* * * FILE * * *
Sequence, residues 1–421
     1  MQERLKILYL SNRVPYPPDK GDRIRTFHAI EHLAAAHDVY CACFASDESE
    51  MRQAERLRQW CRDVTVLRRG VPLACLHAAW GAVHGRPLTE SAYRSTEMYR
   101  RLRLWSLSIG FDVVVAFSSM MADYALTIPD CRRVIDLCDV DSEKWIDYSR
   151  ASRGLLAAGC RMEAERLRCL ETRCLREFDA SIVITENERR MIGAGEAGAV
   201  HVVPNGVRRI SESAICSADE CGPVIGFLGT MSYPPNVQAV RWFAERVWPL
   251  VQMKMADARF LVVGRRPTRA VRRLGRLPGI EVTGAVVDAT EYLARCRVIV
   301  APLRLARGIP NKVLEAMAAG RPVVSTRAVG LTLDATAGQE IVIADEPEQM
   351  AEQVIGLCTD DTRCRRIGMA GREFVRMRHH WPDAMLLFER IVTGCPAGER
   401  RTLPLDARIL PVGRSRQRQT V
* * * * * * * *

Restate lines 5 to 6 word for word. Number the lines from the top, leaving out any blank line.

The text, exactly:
   151  ASRGLLAAGC RMEAERLRCL ETRCLREFDA SIVITENERR MIGAGEAGAV
   201  HVVPNGVRRI SESAICSADE CGPVIGFLGT MSYPPNVQAV RWFAERVWPL